Herbal Momma's School of Domestic Arts
Herbal Momma, aka, Kristine Farley loves everything herbal, but has an infinity for all domestic and home arts.
This blog is a journal of family and domestic art activities that will be published in her forthcoming book,
Herbal Momma's School of Domestic Arts.

April 16, 2015

Lovely Lemon Balm

 ***Updated***  Last Friday I gave a mini-class on Stress and Lemon Balm.  This is the perfect time of year to plant and enjoy this awesome herb!  Enjoy!

Lemon Balm ~ Melissa officinalis
A delightful member of the mint family. The fragrance of Lemon Balm is known for it's "mood lifting" properties.  Just pick some and see that you will have a sunnier disposition.

We have it growing by the front door and back porch.  I "dies" back in the winter and is one of the first herbs to "pop" out in the spring.  Every home should have this lemony  herb. 


Our 14 year old son is now making Lemon Balm Water to drink.  He keeps our glass pitcher full and picks fresh herbs for it every few days.  It keeps in the refrigerator for 2 or 3 days.  Just add water to keep it going.
 
Cultivation: Seeds maybe sown in the garden in early spring and germinate quickly. The roots do no seem to put out runners as do mints, but they increase into a hard-to-divide clump. Grows well in full to partial sun.

Actions: sedative, anti-depressant, digestive
stimulant, promotes sweating, relaxing restorative for nervous system, antiviral(possibly due to polyphenols and tannins); antibacterial, carminative, antispasmodic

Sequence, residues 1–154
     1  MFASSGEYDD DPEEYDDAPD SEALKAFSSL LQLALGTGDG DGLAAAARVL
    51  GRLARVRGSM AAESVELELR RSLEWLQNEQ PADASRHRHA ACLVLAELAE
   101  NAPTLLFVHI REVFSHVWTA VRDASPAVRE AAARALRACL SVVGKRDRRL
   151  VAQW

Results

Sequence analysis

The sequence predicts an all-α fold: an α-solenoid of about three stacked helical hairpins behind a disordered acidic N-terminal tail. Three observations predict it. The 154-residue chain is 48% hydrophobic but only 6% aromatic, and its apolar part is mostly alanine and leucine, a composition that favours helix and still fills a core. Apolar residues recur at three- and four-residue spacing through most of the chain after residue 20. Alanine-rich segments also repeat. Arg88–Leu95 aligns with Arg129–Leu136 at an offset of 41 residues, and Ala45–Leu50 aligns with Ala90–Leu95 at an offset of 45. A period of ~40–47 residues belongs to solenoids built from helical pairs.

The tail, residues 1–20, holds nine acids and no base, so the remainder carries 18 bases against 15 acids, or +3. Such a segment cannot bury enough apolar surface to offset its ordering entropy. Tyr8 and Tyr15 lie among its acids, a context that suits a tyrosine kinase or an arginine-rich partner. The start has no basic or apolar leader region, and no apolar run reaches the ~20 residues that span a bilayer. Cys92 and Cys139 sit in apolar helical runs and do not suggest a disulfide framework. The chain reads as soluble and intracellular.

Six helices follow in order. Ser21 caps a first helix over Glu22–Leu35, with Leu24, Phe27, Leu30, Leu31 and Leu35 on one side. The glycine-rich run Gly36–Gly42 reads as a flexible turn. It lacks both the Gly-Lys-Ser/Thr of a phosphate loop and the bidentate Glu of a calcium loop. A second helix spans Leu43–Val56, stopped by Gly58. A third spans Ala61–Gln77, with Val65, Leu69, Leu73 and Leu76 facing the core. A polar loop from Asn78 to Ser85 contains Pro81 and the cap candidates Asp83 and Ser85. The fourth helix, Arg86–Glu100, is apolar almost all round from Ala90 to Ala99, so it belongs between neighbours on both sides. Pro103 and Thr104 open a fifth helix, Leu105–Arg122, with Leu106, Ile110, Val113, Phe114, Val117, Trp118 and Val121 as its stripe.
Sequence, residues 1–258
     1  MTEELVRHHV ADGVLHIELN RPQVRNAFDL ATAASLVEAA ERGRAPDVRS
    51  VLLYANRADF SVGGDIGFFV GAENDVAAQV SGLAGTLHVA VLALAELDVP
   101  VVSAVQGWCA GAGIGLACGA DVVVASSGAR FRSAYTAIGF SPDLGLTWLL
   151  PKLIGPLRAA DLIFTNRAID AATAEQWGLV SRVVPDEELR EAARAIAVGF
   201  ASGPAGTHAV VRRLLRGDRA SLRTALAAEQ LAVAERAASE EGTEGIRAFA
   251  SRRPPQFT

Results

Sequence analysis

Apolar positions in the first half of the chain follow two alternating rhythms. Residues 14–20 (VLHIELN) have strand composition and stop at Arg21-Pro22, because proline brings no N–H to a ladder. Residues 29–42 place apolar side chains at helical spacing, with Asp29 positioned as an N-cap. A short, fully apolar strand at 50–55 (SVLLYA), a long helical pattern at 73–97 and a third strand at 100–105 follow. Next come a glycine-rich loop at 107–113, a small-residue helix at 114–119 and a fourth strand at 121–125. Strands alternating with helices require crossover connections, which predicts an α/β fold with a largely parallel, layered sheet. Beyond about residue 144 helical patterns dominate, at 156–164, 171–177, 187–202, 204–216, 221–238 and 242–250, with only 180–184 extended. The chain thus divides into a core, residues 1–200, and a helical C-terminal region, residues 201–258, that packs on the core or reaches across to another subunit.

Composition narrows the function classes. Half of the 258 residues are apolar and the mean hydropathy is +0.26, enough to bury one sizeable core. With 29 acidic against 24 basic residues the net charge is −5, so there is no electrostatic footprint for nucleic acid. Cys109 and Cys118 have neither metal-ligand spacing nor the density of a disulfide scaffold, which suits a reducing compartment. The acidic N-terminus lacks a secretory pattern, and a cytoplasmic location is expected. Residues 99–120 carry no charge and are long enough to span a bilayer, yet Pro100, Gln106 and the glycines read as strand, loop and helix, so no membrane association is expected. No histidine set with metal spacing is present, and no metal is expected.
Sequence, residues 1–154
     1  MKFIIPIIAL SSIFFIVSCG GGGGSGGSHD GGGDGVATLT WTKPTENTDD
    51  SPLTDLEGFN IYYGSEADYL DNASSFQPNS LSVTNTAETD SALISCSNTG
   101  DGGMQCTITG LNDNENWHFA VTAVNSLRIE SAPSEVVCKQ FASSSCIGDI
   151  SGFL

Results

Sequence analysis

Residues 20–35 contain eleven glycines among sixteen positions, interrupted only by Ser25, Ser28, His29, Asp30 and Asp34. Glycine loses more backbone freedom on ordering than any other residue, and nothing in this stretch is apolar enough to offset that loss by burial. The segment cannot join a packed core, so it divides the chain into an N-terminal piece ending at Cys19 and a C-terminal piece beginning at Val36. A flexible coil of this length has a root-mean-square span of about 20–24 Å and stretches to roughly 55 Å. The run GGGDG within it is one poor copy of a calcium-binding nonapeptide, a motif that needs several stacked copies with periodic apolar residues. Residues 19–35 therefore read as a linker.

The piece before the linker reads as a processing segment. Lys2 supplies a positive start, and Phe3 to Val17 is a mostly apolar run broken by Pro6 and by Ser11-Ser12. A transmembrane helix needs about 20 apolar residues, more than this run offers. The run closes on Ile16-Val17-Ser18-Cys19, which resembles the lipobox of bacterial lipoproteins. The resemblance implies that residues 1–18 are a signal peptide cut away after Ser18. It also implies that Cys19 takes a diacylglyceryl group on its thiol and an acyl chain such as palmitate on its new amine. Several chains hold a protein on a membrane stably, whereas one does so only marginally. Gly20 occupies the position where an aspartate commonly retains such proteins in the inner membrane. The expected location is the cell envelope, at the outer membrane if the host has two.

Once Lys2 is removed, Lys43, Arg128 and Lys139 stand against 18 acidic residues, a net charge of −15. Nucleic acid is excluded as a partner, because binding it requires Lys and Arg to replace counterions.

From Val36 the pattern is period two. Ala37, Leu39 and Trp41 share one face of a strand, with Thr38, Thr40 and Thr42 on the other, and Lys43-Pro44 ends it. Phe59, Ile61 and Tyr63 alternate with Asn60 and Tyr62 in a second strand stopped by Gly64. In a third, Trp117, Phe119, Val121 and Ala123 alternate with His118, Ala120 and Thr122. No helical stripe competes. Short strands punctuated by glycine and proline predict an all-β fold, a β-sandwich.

Language of Flowers: Social intercourse;pleasant company of friends; memories; a cure;
“Don’t misuse me.”

Medicinal Uses: Lemon balm’s main action is as a tranquilizer. It calms a nervous stomach, colic, or heart spasms. The leaves are reputed to also lower blood pressure. It is very gentle,although effective, so is often suggested for children and babies. The hot tea brings on a sweat that is good for relieving colds, flus and
fevers and an antiviral agent has been found that combats mumps, cold sores and other viruses.

Other Uses: Used in potpourris. In the 16th century, it was rubbed on beehives to encourage the bees to create honey. Because it contains citronella oil it is used in insect repellants.

Culinary Uses: Fresh lemon balm imparts a subtle lemon flavor and fresh lemon fragrance, making it especially nice for fruit dishes, custards, and tea. Early fresh leaves can be chopped and added to green or fruit salads; just cut down somewhat on the vinegar or lemon juice. Cut the leaves into slivers and sprinkle on fish or chicken dishes.

Resources:
Companion Plants,;www.companionplants.com
Crimson Sage; http://www.crimson-sage.com
The Rosemary House, www.therosemaryhouse.com
HERBALPEDIA™ is brought to you by The Herb Growing & Marketing Network

3 comments:

Missy AKA Little Messy Missy said...

I think I will go pick some and make some lemon balm water right now!

Kristine said...

Enjoy!

Jesica david said...

Hey great stuff, thank you for sharing this useful information and i will let know my friends as well.

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